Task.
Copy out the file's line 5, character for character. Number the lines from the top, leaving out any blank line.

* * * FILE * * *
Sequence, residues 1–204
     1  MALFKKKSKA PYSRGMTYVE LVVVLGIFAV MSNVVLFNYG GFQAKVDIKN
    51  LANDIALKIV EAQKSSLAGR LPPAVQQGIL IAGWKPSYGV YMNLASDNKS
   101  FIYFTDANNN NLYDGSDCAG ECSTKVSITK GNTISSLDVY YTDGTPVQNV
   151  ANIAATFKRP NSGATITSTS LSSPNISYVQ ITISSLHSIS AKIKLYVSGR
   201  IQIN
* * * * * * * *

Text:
   151  ANIAATFKRP NSGATITSTS LSSPNISYVQ ITISSLHSIS AKIKLYVSGR